The holiday season is flum - thrumming at full throttle, and in TV terms that means especially heartfelt episodes of your favourite shows - the docs on ER will inevitably receive an infusion of good cheer from an overturned busload of drunken charity Santas, for example, while CSI's murder scenes will be taped off with tinsel and bows and strings of popcorn.
Rita MacNeil or Tom Jackson will likely host a more homespun holiday celebration, necessitating a fiddle-and-spoons version of the Huron Carol, while Clark Griswold, the Grinch and the Rankin/Bass stop-motion Rudolph will remind us of our childlike greed for gifts.
Amid these heartwarming stories of peace and goodwill, love and forensics and, uh, forgiveness, CTV offers the anti-Capra-esque Shades Of Black, about the wonderful life of Conrad Black.
Never mind that there are no shades - light, dark or otherwise - of black. This movie of the week offers no shades of Black either.
Soulpepper Theatre's Albert Schultz - with suet lips, glassy shark eyes and a measured monotone to match the flattened sheaf across his skull - is less Jimmy Stewart and more Lionel Barrymore-like as Black, the child of privilege, denouncer of Canadian citizenship and disgraced press baron currently facing racketeering, obstruction of justice, money laundering and wire fraud charges in the U.S.
Of course, having crossed paths with the real Lord Black of Crossharbour only once several years ago at a National Post party, I can hardly judge the accuracy - either of fact or character - of Schultz's portrayal of my former boss.
That said, Schultz's Black comes across as an aspiring Charles Foster Kane, only much more verbose and grandiose in his verbiage. For example, he refers to the media's coverage of his downfall as "the defamatory fictions of my tormentors," which makes me curious about what he'd say about this TV movie. Or this column, for that matter.
Black's Rosebud is second wife Barbara Amiel, a journalist and high-society vixen played with the vacancy of a condemned motel and the warmth of a TV yule log by Lara Flynn Boyle, collagened lips flapping away.
And Jason Priestley pops up as Jeff Sargeant, a less-than-angelic small-town reporter who tries to get the scoop of his life by pestering Black for an interview while also attempting to illuminate the error of Black's ways.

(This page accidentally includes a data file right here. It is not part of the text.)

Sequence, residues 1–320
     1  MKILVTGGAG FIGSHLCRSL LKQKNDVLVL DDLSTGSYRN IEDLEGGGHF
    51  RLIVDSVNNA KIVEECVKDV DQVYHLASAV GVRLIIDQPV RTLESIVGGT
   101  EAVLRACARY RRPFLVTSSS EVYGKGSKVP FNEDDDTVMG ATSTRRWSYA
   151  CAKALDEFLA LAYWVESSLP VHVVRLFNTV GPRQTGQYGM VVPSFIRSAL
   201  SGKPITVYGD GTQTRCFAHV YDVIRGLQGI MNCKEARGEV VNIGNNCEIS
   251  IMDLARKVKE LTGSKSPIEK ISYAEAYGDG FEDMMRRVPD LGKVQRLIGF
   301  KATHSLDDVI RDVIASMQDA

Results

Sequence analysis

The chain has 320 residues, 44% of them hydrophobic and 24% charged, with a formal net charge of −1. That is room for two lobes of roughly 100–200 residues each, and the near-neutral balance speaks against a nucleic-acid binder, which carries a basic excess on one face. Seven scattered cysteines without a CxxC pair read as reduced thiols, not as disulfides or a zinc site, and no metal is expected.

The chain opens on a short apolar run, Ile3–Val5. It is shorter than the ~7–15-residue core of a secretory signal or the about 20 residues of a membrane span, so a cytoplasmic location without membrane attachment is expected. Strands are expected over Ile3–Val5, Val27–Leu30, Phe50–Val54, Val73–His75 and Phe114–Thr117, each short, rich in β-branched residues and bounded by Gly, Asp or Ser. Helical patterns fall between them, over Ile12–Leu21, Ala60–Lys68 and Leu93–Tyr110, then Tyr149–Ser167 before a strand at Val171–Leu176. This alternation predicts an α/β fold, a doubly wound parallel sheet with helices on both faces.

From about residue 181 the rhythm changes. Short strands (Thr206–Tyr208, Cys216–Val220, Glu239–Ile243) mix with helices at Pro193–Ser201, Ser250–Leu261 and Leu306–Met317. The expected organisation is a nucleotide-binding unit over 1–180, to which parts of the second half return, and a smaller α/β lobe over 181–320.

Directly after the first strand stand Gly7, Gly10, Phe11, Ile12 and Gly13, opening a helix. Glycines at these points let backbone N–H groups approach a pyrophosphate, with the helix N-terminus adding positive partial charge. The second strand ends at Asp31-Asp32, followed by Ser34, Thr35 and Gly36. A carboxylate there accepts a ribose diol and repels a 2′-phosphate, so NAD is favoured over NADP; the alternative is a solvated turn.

Naturally, ego gets the better of Black, who indulges the reporter even though he's suspicious of his motives, and rightly so. Priestley's fictitious character is actually an undercover FBI agent trying to get the goods on Black, a ludicrous conceit that only adds to the movie's guilty pleasure.
As far as scandals go, Black's problems are particularly tame. No illicit sex - no sex of any kind, as far as the movie is concerned - or drugs. No global socio-political ramifications. Not even a blue chip debacle on the scale of Enron, although the stakeholders in Hollinger International certainly aren't pleased with the lump of coal Black left in their stockings.
Black just happens to be a millionaire living a billionaire's lifestyle who got caught up in his own mythmaking. What public interest there is in his affairs is largely fuelled, I suspect, by the very media he once in part commanded, which are only too delighted to nibble at one of their former kingpins like rats at a gingerbread house.
As for whether Jeff Sargeant gets his wings - uh, man - remains to be seen, as the case against the real Conrad Black is expected to go to trial next May in Chicago.
Shades Of Black airs Monday (December 4) at 8 pm on CTV.
What to watch this week
Monday, December 4
BALLET GIRLS The first in a three-part doc about young Royal Winnipeg Ballet hopefuls. Call it So You Think You Can Plié?
9 pm on Bravo!
Wednesday, December 6
THE NATURE OF THINGS David Suzuki presents The Man Who Couldn't Sleep, which follows UN HIV/AIDS envoy Stephen Lewis to Africa.
8 pm on CBC